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June 1981

CME—More than just keeping up-to-date

Arch Intern Med. 1981;141(7):839. doi:10.1001/archinte.1981.00340070019004

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Continuing medical education (CME) has become a major activity in hospitals, specialty societies, medical schools, and medical journals. Those who conduct CME courses do so to meet physicians' demand and to make a profit. But why do physicians engage in CME? The answer to that question is neither simple nor readily apparent. Although the number of CME offerings has increased enormously since many states have made it mandatory for relicensure, most physicians do not view such licensure regulation as the most important motivation of their pursuit of medical knowledge.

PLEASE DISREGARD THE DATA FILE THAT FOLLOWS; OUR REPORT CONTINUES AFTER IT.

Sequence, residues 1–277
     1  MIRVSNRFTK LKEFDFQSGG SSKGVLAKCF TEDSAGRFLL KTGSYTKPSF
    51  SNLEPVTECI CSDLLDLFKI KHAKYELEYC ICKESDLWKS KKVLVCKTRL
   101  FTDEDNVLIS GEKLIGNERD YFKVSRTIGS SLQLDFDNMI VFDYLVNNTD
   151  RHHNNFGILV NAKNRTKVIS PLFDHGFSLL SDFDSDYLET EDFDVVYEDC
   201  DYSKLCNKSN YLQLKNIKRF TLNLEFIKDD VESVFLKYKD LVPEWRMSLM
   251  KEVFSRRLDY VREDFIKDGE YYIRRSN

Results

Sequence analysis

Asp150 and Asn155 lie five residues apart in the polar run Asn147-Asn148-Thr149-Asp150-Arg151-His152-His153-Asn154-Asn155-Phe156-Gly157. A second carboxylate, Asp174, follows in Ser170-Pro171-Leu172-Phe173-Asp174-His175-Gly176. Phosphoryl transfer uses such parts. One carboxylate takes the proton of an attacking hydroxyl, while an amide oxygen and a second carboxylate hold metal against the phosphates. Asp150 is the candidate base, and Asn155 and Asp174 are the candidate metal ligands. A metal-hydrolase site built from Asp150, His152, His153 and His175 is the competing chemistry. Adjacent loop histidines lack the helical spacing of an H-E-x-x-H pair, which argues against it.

Richards and Cohen (J Med Educ 1980;55:479-485) have concluded that a commitment to improve continually one's skills and knowledge is basic to the notion of being a "professional." The power of peer pressure in medicine is great, and the desire to match the performance of one's peers is so powerful that voluntary participation in CME makes mandatory participation unnecessary.

Although physicians

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